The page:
On Monday, Secretary of Labor Thomas Perez delivered remarks at the National Press Club, strongly endorsing the right to union membership, paid paternal leave, and a higher minimum wage. Perez also connected declining wages to decreasing union participation. “Worker voice takes so many forms, and one of the most important of which is being a union,” Secretary Perez began. “When it comes to protecting collective bargaining rights in this country, we need to continue to protect those rights. And those rights have frankly come under withering attack in recent years.” Commentators at the Washington Post noted that Perez’s remarks are a departure from the administration’s more arms-length relationship to unions, and may be particularly significant if Perez remains a front-runner to replace Eric Holder as Attorney General. The Secretary will be traveling next week to Germany to meet with Volkswagen officials, to learn more about their works council model. “That works council model is a wonderful model that we should consider importing into the United States, because a works council is all about codetermination,” Perez noted. Further coverage is available at the Boston Globe, Buffalo News, the Huffington Post and Politico, and the National Press Club has made the full speech available here.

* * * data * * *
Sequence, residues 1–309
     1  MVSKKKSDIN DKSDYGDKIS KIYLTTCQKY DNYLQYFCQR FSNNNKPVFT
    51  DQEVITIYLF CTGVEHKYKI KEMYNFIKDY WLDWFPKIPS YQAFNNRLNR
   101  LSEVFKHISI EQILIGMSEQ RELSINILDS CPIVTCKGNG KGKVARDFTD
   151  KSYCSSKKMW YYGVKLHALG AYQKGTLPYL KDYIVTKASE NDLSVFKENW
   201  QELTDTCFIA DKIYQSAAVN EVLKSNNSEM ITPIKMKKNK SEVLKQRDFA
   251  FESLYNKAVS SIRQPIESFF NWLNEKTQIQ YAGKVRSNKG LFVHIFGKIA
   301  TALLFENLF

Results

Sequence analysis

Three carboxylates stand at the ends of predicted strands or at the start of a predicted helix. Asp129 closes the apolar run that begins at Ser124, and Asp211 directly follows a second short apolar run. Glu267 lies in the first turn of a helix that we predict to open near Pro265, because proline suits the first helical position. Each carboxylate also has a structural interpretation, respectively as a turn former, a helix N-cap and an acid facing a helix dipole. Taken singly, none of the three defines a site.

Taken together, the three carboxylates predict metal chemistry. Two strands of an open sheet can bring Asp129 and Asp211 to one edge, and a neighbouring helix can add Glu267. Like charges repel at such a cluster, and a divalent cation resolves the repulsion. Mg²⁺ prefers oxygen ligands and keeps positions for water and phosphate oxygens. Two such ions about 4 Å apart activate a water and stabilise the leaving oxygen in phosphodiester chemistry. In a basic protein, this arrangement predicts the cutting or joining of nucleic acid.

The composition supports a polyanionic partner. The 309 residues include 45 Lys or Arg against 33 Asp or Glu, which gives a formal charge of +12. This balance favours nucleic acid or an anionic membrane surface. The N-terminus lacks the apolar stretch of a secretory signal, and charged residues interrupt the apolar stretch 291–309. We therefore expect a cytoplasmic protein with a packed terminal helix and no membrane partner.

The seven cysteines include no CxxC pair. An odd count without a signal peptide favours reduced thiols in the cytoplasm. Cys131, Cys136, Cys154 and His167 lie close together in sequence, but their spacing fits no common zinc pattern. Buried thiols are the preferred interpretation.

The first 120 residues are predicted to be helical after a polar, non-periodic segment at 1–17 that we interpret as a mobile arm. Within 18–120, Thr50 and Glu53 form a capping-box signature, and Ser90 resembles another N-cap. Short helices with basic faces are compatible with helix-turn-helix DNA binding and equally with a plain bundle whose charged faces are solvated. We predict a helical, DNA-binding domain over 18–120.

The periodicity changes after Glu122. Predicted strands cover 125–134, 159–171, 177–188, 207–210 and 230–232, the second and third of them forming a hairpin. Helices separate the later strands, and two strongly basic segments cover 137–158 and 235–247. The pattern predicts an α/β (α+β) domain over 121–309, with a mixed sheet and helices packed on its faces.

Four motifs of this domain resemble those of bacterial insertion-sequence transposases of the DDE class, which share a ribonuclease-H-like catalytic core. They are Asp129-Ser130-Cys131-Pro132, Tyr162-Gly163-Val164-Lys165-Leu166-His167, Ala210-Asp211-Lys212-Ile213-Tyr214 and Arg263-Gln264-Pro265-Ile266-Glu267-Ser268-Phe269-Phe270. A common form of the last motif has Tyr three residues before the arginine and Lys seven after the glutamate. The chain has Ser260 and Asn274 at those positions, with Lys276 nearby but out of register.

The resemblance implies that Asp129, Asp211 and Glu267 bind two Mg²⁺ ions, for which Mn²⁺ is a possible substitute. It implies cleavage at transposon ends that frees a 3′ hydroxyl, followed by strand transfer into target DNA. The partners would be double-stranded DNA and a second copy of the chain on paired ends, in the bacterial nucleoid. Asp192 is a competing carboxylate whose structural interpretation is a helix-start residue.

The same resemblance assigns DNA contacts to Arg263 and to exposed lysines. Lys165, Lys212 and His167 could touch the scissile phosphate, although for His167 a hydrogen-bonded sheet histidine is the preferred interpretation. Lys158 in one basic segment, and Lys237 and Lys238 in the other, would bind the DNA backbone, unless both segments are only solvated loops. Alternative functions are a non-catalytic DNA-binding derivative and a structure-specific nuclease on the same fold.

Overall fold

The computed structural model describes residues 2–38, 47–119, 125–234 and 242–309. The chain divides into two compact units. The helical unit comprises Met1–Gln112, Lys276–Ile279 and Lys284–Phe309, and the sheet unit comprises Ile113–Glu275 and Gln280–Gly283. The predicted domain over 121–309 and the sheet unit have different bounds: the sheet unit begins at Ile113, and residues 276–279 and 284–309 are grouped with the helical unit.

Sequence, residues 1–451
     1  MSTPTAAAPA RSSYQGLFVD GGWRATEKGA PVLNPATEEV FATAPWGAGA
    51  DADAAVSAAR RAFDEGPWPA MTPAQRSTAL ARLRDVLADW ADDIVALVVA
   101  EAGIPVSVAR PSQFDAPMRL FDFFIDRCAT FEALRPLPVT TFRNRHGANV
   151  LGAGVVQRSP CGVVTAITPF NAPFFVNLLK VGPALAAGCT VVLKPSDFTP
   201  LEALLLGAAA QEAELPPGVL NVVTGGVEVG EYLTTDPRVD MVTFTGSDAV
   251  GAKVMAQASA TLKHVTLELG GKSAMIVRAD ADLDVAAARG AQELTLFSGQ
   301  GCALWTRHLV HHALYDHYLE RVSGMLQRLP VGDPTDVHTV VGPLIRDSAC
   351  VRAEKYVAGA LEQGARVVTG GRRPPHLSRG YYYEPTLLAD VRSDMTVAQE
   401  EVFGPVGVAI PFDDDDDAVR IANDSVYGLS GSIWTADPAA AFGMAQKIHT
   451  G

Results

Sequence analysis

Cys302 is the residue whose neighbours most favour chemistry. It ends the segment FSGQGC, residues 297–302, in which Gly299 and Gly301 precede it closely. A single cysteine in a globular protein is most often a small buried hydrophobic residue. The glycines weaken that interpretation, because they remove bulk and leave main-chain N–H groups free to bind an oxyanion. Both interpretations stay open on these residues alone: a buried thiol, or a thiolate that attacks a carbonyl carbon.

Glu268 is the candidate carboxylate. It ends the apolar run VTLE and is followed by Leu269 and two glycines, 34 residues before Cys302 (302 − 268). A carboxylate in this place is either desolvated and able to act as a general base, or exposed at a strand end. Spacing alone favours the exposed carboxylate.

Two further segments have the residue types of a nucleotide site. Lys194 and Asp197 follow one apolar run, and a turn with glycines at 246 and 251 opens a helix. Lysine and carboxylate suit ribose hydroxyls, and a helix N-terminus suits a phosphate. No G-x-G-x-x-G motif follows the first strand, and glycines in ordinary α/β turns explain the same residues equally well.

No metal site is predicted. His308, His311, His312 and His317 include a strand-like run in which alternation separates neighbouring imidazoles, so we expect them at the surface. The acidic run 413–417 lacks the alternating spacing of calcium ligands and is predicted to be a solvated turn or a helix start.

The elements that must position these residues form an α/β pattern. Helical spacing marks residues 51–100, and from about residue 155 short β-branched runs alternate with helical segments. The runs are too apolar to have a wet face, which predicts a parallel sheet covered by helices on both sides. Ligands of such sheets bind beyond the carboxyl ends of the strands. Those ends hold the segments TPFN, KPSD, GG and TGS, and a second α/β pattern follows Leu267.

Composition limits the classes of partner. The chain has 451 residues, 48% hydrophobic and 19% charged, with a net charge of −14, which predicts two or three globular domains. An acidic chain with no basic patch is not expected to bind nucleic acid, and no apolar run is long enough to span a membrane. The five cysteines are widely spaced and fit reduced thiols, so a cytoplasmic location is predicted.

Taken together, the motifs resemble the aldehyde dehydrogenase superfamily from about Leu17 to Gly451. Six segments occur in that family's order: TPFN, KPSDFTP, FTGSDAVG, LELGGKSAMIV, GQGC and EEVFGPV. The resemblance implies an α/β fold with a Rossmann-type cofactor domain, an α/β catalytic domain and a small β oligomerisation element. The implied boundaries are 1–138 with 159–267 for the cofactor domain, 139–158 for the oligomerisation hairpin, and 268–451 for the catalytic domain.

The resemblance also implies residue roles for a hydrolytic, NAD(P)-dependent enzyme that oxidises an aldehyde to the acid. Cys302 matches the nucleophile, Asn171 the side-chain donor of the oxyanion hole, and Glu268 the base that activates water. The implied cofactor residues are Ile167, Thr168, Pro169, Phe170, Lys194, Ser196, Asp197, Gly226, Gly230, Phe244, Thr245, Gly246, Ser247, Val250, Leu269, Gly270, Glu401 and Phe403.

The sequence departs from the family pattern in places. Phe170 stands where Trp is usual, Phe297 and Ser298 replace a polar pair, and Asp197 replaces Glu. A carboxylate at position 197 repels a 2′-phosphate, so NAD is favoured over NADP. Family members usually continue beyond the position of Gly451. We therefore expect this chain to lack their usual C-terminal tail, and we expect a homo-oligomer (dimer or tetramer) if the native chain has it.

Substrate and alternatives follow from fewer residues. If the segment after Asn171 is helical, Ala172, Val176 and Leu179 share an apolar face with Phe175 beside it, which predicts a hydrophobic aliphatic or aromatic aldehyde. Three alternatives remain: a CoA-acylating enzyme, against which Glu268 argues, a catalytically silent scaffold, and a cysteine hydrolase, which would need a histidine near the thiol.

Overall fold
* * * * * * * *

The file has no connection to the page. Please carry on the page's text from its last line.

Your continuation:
The Washington Post reports on a new survey by Working Mother Media, finding that nearly 80 percent of men not only work flexible schedules, but feel comfortable doing so. More than half of surveyed men noted that their employers supported flexible work, while one-fourth said their employers could but chose not to. 60 percent of the working fathers said they would prefer to work part-time, if that meant they could still do meaningful work and rise in their careers.
Reuters reports on how the Ebola outbreak may galvanize unionization among emergency response workers, airline workers, and nurses. A number of groups, including the largest nurses’ union in the country, are demanding specific Ebola protections in ongoing contract negotiations with employers, and many workers have expressed concerns about workplace safety.
New research by scholars at Vanderbilt University suggests that women face a wage penalty for obesity. “Starting when a woman becomes overweight, she is increasingly less likely to work in a personal interaction or personal communication occupation. And the heaviest women in the labor market are the least likely individuals to work in personal interaction occupations,” noted Jennifer Shinall, assistant professor of law at Vanderbilt Law School and author of “Occupational Characteristics and the Obesity Wage Penalty.”